The two new cases are within the current bluetongue protection zone
Two new outbreaks of bluetongue have been found.
The cases, on two premises—one near Peterborough and another near Ashford in Kent, England—were confirmed by Defra (the Department for Environment, Food and Rural Affairs).
Defra said the new cases are within the current bluetongue protection zone.
In line with the EU legislation, control zones have been put in place around these new cases, while investigations are undertaken. The existing protection zone has also been extended.
Fred Landeg, deputy chief veterinary officer said: "This is obviously unwelcome news for the farming industry, however, given the nature of this disease and its means of spread, this is not entirely unexpected. We will carry out further investigations on these farms, and in the surrounding area to assess the disease situation and possible sources of incursion.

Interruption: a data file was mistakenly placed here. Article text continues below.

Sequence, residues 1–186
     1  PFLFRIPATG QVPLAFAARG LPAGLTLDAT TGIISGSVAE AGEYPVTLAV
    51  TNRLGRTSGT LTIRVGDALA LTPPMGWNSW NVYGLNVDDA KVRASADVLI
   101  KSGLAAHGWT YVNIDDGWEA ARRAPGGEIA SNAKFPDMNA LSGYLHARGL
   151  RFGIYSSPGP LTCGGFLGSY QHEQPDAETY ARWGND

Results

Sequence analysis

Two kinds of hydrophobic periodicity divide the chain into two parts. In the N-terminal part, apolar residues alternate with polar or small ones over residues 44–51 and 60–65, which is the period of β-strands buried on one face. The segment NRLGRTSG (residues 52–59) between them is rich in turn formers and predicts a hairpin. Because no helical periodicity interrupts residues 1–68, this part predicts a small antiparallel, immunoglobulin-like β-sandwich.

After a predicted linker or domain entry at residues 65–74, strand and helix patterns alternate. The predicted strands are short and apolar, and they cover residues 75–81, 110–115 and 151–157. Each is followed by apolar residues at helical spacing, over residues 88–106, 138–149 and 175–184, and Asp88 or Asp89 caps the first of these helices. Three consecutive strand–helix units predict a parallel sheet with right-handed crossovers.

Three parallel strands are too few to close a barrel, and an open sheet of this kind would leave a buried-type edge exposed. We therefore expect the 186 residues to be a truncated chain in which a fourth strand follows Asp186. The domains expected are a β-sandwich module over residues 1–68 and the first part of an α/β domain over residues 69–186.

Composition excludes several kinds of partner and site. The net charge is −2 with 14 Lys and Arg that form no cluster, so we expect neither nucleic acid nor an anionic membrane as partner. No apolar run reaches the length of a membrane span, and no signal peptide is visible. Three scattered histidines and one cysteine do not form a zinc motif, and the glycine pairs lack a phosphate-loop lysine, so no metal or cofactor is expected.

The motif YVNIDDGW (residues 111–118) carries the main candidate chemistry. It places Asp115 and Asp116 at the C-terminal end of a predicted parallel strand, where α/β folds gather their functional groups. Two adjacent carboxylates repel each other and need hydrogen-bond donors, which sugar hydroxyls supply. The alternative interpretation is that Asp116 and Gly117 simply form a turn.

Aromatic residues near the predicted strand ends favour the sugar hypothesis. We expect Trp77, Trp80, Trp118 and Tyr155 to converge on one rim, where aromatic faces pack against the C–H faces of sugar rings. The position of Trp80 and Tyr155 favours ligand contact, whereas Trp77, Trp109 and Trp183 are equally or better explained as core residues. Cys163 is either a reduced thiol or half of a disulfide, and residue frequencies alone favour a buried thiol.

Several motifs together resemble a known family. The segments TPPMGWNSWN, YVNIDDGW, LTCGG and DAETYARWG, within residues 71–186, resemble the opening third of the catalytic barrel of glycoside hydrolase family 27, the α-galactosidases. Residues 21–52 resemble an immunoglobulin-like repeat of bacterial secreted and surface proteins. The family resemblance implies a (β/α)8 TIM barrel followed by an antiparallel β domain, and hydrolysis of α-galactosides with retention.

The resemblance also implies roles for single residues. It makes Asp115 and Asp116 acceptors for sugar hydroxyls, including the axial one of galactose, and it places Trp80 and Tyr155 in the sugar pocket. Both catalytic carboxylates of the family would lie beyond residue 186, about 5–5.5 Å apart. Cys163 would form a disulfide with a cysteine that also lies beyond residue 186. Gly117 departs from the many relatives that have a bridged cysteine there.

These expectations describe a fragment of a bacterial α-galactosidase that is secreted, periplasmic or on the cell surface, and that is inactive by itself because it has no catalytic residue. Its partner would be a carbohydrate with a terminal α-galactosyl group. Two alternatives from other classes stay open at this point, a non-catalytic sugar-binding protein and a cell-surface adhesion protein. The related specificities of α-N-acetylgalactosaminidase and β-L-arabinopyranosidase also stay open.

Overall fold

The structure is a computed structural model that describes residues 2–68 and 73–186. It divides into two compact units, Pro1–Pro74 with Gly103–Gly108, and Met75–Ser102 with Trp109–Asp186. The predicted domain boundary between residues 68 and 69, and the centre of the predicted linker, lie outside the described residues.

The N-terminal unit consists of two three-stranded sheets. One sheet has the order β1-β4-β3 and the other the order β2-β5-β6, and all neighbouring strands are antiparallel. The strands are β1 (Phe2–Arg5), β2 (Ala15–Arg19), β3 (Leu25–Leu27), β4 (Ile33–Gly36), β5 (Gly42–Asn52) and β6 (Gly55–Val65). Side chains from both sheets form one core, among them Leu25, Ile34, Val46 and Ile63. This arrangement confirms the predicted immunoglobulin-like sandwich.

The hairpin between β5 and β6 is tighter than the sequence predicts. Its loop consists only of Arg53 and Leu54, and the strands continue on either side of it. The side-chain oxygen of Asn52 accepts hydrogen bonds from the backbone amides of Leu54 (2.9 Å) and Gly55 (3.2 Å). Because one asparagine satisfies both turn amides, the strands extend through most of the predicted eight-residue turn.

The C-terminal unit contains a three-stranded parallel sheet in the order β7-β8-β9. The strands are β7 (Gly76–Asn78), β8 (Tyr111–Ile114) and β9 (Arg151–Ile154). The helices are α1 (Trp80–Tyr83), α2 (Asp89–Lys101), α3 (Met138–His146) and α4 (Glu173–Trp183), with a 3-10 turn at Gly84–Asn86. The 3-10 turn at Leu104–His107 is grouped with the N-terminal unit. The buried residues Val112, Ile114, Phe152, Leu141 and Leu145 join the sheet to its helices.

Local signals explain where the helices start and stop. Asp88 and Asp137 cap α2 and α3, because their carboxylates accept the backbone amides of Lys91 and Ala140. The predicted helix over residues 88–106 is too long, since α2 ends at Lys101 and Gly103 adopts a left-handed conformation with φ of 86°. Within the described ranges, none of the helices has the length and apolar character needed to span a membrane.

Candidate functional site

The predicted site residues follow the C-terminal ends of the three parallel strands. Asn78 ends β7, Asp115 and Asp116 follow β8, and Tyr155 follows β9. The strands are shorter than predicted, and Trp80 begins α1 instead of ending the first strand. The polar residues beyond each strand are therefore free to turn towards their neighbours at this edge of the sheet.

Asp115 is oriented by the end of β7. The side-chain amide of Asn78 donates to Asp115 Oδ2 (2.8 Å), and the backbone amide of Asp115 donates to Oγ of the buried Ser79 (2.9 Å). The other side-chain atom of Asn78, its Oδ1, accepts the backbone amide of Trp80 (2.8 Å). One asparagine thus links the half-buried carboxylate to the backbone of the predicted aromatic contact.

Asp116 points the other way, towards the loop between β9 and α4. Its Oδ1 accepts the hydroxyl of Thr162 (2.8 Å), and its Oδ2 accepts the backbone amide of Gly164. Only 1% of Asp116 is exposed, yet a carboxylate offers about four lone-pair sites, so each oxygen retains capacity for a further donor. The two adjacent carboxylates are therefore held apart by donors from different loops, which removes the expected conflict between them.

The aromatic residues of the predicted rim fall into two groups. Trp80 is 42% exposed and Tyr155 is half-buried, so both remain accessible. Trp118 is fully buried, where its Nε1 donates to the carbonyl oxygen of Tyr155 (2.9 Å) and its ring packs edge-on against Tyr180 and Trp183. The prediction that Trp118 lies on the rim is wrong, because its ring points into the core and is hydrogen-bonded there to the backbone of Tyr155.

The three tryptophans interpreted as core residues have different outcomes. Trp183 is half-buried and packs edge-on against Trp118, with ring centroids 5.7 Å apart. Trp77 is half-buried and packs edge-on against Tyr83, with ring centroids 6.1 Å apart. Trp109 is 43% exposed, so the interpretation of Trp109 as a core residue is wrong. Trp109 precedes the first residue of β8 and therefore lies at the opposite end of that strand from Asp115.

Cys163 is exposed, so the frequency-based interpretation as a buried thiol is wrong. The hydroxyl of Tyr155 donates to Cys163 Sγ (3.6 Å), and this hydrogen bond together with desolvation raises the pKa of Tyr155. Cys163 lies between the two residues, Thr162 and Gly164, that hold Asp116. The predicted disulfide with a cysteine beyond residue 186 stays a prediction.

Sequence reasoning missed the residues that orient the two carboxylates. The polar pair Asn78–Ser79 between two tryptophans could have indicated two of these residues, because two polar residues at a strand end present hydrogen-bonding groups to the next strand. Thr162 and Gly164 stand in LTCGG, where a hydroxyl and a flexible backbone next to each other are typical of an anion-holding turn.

"Once again, we are grateful for the vigilance of farmers in reporting disease, and urge them to remain vigilant. We will continue to work with our core industry group to assess the disease situation and develop the disease control strategy in partnership with the farming industry."
Bluetongue is a non-contagious virus spread by a midge species, affecting ruminants including sheep and cattle.